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Google collaborates with WordPress to build platform for local publishers

By Greg S
Jan 15, 2019
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  1. Staking claim to presence on nearly 30 percent of websites, Automattic and WordPress.com have come together to build a new platform called Newspack. The low-cost and secure system for publishers has also received funding from the John S. and James L. Knight Foundation, Lenfest Institute for Journalism, and Civil Media.

    Instead of spending time on all of the backend parts of a website, Newspack is being designed as an easy solution for small teams. Think of it as a rewritten lightweight version of WordPress that has cut out the unnecessary parts. WordPress plugins are meant to be fully compatible for groups that need extensibility, but the core will not bog down simple sites that just need to get information shared.

    Exact features to be included in Newspack are still under consideration. Research performed by local media groups will be passed along to Google and Automattic for analysis. The goal is to create a platform truly inspired by small publishers so that management is easy and site visitors receive a welcoming experience.

    So why exactly should anyone besides publishers care about this collaboration? WordPress may currently hold a spot on a relatively large percentage of websites, but most are blogs hosted by individuals, small businesses, and local organizations that do not have massive followings. If Newspack proves to be worthwhile, it may start replacing the traditional WordPress platform on millions of websites.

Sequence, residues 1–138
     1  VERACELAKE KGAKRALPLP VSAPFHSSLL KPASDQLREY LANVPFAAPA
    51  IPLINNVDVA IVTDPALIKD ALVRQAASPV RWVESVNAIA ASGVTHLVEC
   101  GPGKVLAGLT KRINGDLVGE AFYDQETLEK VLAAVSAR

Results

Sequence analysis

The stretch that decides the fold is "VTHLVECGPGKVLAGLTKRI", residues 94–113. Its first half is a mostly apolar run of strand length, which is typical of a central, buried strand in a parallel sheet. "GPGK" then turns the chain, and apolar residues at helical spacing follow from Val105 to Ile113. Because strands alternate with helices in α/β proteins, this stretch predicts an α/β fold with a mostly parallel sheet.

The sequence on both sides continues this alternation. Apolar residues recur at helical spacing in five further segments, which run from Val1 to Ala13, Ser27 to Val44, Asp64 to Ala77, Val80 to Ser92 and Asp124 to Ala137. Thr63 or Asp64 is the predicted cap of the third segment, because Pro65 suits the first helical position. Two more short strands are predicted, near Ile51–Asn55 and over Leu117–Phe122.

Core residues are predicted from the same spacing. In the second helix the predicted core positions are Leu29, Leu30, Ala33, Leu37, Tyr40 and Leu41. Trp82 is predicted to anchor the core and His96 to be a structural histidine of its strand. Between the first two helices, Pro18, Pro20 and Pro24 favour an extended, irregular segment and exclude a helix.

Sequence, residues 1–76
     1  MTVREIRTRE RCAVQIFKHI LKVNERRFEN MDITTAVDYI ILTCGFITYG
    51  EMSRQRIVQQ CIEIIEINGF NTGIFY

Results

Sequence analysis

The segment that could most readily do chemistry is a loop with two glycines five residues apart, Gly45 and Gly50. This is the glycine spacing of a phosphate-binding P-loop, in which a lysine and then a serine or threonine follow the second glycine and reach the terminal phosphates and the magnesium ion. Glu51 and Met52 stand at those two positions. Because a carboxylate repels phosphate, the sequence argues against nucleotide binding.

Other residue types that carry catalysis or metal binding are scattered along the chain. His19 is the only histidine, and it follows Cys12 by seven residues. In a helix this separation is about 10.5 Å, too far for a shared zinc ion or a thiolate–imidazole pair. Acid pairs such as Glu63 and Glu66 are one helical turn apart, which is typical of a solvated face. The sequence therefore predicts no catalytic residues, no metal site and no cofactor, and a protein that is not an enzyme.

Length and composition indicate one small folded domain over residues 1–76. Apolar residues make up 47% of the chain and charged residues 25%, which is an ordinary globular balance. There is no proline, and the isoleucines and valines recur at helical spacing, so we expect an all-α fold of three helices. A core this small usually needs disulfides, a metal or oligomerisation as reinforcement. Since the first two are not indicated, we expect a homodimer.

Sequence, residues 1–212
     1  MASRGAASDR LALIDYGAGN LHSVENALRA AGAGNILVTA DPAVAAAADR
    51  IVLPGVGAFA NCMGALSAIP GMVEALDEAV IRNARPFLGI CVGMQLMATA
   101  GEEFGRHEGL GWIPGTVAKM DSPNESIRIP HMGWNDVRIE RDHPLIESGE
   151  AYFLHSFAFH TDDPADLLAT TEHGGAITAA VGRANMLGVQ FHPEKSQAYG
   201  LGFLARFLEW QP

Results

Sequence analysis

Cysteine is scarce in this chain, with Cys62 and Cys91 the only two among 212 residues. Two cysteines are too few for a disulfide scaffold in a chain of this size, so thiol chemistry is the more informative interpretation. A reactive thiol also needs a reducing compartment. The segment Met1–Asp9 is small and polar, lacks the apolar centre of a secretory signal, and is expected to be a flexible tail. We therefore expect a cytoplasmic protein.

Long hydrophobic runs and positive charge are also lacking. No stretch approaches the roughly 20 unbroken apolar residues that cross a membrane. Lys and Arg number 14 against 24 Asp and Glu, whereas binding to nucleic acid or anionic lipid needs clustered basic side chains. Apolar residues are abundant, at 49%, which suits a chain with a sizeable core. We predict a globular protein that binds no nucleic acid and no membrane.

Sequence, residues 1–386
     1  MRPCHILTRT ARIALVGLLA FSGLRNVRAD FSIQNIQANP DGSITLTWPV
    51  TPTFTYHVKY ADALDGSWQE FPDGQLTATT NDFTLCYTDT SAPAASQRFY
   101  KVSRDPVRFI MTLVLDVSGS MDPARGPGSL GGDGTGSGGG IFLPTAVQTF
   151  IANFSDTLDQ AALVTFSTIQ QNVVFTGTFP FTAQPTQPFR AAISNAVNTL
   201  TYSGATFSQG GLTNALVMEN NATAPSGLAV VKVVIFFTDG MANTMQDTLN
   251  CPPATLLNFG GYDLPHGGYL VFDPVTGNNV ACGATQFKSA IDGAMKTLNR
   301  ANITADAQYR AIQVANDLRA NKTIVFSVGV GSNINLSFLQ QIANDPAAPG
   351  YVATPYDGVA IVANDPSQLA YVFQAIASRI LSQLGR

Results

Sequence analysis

Actual development of Newspack will start within the next few weeks. Google and Automattic are expecting to release the platform later this year globally.

    Permalink to story.

  2. jobeard

    jobeard TS Ambassador Posts: 13,005   +1,557

    There are a few products that offer what is basically a drag-n-drop webpage creation service. I tried one for a client and looked at the performance of the page presented to the browser and, not unexpectedly -- it was deplorable!

    Many references of CSS and JS were loaded and most frequently, very little of their content was use at all. Sadly this is quite common when attempting to create universally common code. This approach then downloads MBs of useless code, taking significant time to load, and the I/O performance of the server sinks which impacts the quota data volume for server costs (where data volume is part of your billing by the ISP).

    An example test showed 45 SECONDS vs 6 seconds with had crafted HTML.

    If you only need One Home Page and no links to others on your site, these systems can be cost effective to build. IMO you should Look Before You Leap.

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